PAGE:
A rare full worm super moon will rise over Toronto this week
Look! Up in the sky! It's a bird! It's a plane! It's super... worm moon?
2019 has been a good year for celestial events with gross names thus far, but we're about to experience the last of them until next February.
A full worm super moon—the third and final full super moon of 2019—will rise over the entire Northern Hemisphere just in time for the first day of spring on March 21, reaching its peak at 9:43 p.m. ET Wednesday night and setting around 7:30 a.m. on Thursday morning.
Have you seen any of the awesome moons we've had so far in 2019?! If not there's no need to worry. NASA has released their full-moon calendar and there's still a lot to look forward to! Next up: the Worm Moon on March 20. Click for more dates⬇️ #2019ES2232 https://t.co/Jzqyl4VwTp— Lauren Horler (@HorlerLauren) March 5, 2019
Worms will not crawl across or shoot forth from the moon, as I had previously feared.
"Worm moon" is simply an Old Farmer's Almanac nickname for March's full moon, similar to how January's full moon is called the "wolf moon" or November's full moon is called the "beaver moon" (I swear I'm not making this up).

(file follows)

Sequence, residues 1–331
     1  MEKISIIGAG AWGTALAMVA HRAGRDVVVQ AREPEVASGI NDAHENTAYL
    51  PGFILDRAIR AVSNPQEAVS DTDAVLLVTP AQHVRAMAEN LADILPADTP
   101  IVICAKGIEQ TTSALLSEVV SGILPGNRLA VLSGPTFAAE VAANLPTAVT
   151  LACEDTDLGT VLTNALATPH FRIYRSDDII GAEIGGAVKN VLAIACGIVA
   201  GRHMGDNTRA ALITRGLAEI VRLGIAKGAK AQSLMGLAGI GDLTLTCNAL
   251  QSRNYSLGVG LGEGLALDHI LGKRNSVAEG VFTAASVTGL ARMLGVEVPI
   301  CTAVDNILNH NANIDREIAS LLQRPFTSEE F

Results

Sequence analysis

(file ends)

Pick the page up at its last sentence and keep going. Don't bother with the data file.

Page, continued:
March's full moon was named for earthworms that rise from the ground here on Earth every spring, which is also gross, but less gross than watching giant worms crawl across the moon.
This upcoming worm moon is special in that it will also be a full moon and a super moon, which means that it will appear brighter and larger in the sky than usual thanks to how close it is to Earth in its orbit at the time.
We won't see another full super moon until February of 2020, according to astronomers, but this week's clear weather forecast suggests it'll be an easy one to see from anywhere with unobstructed views of the sky.
Torontonians can expect to see the full worm super moon start to rise about 20 minutes before sunset on Wednesday. It's a perfect way to mark the vernal equinox, if you like worms. Or even if you don't.
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